With dissatisfaction with the federal government at an all-time high, Carolyn Lukensmeyer challenged civil servants to “rebuild the public’s trust in the government — and in you.”
“The national narrative about our government institutions is appalling,” said the founder and president of America Speaks, a Washington-based nonprofit that promotes civic engagement. “The issue for Americans isn’t the size of government, it’s the role of government. We have to reconnect Americans to their government and their rightful role as citizens.”
Lukensmeyer delivered her keynote remarks before an auditorium of about 100 career public servants at the 34th annual Roger W. Jones Award ceremony, October 24. Sponsored by the School of Public Affairs, the Roger Jones Award honors excellence in executive leadership.
Lukensmeyer implored the audience to “embark on a mass communications campaign that teaches citizens what their government does for them.” For example, Lukensmeyer said, TV weather broadcasts could feature a crawler along the bottom of the screen proclaiming: “brought to you by the National Weather Service.”
Lukensmeyer’s rallying cry capped off the celebration of the Roger Jones awardees: Margaret Gilligan, associate administrator, Federal Aviation Administration (FAA), and John Montgomery, director of research, Naval Research Laboratory (NRL). Lauded for their leadership, character, and imagination, both credited their colleagues as well.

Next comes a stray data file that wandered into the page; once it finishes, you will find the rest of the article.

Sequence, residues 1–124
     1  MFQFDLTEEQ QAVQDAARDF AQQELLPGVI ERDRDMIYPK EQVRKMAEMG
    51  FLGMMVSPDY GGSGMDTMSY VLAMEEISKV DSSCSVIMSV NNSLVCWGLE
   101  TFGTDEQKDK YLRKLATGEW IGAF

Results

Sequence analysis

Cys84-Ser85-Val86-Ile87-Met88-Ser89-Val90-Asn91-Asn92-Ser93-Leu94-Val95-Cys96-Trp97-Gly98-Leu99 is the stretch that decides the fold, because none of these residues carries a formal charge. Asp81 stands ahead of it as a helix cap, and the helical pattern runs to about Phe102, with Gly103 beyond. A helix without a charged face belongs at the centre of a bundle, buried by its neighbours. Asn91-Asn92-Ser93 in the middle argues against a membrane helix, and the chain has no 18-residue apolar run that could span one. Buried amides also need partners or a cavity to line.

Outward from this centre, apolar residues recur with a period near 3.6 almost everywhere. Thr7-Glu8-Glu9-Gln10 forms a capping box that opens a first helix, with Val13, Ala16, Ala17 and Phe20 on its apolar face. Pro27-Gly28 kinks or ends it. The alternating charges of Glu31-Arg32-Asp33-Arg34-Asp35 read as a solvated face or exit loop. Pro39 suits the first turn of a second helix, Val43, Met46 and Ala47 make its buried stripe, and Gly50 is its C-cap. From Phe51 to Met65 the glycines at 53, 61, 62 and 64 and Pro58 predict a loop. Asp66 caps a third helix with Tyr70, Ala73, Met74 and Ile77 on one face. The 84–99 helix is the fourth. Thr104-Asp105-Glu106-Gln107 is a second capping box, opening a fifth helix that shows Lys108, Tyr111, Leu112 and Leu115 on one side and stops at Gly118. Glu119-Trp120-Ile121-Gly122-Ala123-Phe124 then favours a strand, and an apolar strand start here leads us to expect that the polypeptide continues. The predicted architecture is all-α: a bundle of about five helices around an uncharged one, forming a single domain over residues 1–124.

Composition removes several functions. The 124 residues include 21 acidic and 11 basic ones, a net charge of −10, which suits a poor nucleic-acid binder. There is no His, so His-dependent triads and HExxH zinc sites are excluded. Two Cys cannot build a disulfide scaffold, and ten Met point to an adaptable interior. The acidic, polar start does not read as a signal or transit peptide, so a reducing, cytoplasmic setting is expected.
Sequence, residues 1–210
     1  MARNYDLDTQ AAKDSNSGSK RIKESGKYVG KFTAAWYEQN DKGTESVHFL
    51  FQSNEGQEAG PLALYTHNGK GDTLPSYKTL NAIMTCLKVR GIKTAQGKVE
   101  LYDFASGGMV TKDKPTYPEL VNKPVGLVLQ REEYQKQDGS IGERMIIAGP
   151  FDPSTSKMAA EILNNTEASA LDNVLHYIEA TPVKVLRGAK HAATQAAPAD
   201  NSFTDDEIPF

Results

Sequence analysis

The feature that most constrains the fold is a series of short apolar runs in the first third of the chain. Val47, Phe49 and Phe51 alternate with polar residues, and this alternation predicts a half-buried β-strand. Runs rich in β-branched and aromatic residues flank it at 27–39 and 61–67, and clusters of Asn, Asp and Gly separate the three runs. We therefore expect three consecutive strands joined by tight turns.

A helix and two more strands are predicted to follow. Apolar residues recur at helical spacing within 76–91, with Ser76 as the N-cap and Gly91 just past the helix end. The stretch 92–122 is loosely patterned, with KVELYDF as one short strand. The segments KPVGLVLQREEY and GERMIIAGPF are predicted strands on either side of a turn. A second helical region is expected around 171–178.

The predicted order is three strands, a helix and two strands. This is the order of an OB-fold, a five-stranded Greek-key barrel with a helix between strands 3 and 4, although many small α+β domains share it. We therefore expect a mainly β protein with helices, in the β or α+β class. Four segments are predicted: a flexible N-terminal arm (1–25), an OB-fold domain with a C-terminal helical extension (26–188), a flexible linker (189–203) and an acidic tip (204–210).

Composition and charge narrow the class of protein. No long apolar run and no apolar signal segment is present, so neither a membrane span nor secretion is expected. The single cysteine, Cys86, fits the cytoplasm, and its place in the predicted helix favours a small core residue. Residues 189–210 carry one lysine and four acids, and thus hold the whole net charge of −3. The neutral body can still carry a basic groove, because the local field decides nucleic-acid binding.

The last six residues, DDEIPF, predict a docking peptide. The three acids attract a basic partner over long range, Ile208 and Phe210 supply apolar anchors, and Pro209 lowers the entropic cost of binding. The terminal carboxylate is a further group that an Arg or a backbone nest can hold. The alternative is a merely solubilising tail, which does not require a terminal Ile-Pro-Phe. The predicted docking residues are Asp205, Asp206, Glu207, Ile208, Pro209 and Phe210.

“When you honor me, you honor our entire team and it is for that that I’m most grateful,” said Gilligan, a 31-year veteran of the FAA.
As associate administrator — a post she’s held since 2009 — Gilligan leads the organization that’s responsible for setting, overseeing, and enforcing safety standards for the aviation industry. A lawyer by trade, Gilligan serves as the government cochair of the Commercial Aviation Safety Team (CAST), a private-public partnership that works to reduce the risk of accidents. Under her direction, CAST helped reduce U.S. commercial aviation fatalities by 83 percent in 10 years.
Montgomery joined the NRL in 1968 as a research physicist. Four decades later, he oversees research and development programs, with an annual budget of more than $1 billion. His technical vision drove the development of such innovations as Dragon Eye, a mini-surveillance plane light enough to be carried in a backpack; the first tactical micro-satellite; and lightweight body armor. Montgomery said that leading a team of scientists tackling some of the world’s most pressing problems “isn’t work, isn’t a job, it’s a labor of love.”
“If, after 44 years in the lab, I could start all over again, I would because, my golly, it’s been fun,” he said. “This university just gave an award to a man who never worked a day in his life.”